After the workday and the commute home, most employees just want to unwind. But in the middle of their personal time, managers and coworkers might be sending out emails, and inevitably, some of those emails go to employees who are off work. To an employer, this might appear to be an innocent act of hard work and professional communication between team members. But the long-term effects on your organization could be disastrous.
We now live in a society so entrenched in electronic communication that it's common to feel like we're “always on.” Constant access to smart phones and tablets has blurred the lines of work hours and off hours to the extent many employees expect communication from supervisors and coworkers even after leaving work for the day. Perhaps some boundaries need to be reestablished, since research is emerging about how this type of constant communication from work can have adverse effects.
In 2016, a joint study from Virginia Tech, Lehigh University, and Colorado State found that employer expectations of constant contact with their employees led to increased anxiety, anxiety-related health effects, and problems maintaining family relationships. The study found that participants didn’t even have to be answering emails to experience these effects: “even during the times when there are no actual emails to act upon, the mere norm of availability and the actual anticipation of work create a constant stressor that precludes an employee from work detachment.”
There are ethical problems to consider, too. Time spent checking and replying to emails after hours often goes uncompensated for non exempt employees. The practice also sends a message to employees that employers have a right to their time and energy at any moment, day or night. Whether employers have a right to this level of influence is a matter of debate.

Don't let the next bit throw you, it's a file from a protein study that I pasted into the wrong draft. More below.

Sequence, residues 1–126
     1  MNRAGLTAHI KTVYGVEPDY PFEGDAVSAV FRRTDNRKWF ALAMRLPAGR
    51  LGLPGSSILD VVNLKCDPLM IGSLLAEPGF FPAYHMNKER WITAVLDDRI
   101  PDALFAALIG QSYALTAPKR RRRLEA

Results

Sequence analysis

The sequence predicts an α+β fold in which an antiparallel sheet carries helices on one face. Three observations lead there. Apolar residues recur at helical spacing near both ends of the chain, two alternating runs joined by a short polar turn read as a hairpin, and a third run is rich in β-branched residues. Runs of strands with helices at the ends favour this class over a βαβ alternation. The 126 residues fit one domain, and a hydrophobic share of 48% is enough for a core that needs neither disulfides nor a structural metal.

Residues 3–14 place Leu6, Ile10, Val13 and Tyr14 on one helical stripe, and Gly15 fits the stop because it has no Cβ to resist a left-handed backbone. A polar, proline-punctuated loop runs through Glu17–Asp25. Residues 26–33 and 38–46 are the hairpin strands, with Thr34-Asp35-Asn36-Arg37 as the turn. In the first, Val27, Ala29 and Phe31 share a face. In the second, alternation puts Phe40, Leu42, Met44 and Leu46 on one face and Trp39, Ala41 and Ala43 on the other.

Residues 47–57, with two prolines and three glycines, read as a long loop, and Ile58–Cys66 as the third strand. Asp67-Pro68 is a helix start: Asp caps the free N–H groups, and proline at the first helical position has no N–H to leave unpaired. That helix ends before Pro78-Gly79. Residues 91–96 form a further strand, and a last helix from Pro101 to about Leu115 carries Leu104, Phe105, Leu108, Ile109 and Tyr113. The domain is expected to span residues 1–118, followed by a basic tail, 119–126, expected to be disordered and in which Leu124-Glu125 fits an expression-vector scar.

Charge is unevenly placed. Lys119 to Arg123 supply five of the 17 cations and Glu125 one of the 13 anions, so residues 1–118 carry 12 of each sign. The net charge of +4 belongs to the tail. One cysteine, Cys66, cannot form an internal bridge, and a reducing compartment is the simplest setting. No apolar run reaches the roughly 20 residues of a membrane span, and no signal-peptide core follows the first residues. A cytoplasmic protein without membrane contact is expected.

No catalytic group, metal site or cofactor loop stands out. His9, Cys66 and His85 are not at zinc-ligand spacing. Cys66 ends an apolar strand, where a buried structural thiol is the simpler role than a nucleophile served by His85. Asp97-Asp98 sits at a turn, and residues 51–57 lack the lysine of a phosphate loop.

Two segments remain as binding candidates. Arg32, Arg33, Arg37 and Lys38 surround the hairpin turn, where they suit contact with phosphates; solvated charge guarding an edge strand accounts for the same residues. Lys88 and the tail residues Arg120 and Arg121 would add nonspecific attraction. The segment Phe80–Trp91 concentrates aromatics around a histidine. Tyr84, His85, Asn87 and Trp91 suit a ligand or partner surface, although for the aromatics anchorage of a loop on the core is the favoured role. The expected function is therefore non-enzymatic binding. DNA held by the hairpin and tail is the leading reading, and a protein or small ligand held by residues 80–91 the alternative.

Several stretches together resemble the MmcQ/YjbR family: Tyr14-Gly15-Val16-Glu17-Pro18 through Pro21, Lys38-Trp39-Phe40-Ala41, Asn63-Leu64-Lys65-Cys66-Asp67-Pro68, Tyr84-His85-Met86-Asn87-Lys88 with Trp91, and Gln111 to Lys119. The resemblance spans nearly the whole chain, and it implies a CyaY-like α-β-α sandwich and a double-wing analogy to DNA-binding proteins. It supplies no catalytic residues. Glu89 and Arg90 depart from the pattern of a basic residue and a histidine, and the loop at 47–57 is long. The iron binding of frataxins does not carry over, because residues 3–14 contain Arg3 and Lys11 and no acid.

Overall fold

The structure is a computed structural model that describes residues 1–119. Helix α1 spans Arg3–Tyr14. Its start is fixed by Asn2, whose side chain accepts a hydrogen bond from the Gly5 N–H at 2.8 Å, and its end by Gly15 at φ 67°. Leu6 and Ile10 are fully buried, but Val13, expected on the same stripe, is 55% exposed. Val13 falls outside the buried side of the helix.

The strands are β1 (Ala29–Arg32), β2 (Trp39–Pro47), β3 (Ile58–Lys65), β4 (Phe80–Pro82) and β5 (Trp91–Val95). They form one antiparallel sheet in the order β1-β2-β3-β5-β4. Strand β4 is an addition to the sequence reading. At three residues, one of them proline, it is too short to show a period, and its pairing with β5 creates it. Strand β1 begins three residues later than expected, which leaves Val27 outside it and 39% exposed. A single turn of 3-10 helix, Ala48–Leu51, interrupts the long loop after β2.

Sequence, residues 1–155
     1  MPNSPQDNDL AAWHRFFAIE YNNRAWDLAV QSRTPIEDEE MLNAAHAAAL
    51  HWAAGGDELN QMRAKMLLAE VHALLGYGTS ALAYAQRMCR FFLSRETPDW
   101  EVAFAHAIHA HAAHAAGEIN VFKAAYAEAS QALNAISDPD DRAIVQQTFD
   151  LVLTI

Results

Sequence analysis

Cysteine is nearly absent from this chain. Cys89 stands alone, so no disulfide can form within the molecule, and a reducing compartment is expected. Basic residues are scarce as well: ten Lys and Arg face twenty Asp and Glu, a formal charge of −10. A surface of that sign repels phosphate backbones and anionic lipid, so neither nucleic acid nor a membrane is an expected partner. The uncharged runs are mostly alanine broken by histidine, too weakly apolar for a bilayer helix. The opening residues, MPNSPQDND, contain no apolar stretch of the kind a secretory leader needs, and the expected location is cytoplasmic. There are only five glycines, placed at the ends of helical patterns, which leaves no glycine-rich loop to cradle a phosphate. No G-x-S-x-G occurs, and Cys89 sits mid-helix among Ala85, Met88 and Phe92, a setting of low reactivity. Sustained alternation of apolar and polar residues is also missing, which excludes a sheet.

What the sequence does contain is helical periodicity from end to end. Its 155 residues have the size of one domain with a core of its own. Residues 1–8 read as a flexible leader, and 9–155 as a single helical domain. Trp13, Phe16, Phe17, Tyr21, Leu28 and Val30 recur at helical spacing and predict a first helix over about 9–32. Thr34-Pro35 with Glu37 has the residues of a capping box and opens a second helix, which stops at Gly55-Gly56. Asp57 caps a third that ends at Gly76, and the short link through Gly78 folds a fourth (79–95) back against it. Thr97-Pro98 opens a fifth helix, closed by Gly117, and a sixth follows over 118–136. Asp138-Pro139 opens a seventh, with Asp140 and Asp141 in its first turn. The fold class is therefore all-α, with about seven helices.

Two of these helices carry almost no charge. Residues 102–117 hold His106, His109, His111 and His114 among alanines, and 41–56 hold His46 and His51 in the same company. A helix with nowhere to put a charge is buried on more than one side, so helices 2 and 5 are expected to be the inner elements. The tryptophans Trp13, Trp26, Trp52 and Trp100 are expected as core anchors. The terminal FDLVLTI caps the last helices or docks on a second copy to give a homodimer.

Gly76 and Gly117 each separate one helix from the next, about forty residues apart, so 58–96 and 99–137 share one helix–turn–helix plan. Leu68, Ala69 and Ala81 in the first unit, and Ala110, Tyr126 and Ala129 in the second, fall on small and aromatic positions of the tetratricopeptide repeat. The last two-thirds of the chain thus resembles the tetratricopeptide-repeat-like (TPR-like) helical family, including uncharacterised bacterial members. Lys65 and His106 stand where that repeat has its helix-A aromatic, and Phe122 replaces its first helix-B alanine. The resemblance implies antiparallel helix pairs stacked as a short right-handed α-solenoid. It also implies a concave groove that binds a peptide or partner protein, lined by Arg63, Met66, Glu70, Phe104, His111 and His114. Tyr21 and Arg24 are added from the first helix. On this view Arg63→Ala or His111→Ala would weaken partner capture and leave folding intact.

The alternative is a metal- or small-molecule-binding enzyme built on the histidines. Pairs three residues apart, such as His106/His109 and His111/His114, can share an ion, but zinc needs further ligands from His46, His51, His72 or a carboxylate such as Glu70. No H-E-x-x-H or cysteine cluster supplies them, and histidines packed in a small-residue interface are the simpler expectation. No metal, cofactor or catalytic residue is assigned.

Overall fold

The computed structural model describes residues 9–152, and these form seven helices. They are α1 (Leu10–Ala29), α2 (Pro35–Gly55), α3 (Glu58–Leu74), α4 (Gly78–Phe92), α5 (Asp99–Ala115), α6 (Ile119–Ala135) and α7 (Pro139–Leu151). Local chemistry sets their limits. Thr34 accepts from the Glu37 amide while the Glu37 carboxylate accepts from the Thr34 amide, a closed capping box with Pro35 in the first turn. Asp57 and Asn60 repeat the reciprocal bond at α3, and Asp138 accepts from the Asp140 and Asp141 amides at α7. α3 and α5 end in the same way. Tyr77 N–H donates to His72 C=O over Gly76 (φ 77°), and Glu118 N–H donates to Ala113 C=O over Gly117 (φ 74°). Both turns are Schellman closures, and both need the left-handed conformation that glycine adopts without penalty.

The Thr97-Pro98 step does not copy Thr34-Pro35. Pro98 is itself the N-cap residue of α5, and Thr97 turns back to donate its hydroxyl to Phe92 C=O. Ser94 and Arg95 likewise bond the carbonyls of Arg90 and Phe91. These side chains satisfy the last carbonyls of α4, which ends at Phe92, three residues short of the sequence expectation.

Is Change Coming?
If we don’t want to be a generation of anxious workers checking their emails at all hours of the day, the norms will need to change. Fortunately, there have been a few signs of change in recent years. France implemented a “right to disconnect” law on January 1st, 2017 which required companies with over 50 workers to negotiate with union representatives to form charters outlining when employees can and cannot be expected to send or answer emails. Companies with less than 50 employees are required to release a document containing similar rules.
Progress has also been made in Germany, where the employment ministry in 2013 decided to ban managers from calling or emailing staff after work hours except for emergency situations. The move echoed similar efforts from a handful of German businesses, including Volkswagen, BMW, and Puma.
Efforts in the U.S. haven’t lived up to the efforts in Europe, however. The most high-profile right to disconnect legislation in the U.S. has been a bill introduced to the New York City Council in January of 2019 that would ban mandatory electronic communications in the private sector. The bill was laid over in committee, meaning that a vote was postponed. Many bills are laid over in committee and never heard from again, and this seems to be the fate of this bill too—at least for now.
Whether the U.S. will make as much effort to change as much as France and Germany have remains to be seen.
The study from Virginia Tech, Lehigh University, and Colorado State listed advice on how the workforce might improve its communication practices. A few important steps forward are detailed below.
- Manager Awareness. If managers are educated about the possible negative effects of after-hours communication, then change can happen organically. Good managers should want their workers to be healthy and rested.
- Organizational Standards. Company leadership needs to set standards about when after-hours communication is acceptable. Change sometimes needs to start at the top.
- Be Upfront. William Becker, a Virginia Tech professor who co-authored the study, says, “If the nature of a job requires email availability, such expectations should be stated formally as a part of job responsibilities.” This allows potential employees to psychologically prepare themselves and set expectations with family members.
- Mindfulness. While many of these matters are outside of the typical employee’s control, employees can combat negative effects of constant contact by practicing mindfulness. Focusing on “being present” with family can increase relationship satisfaction while techniques such as meditation can reduce stress.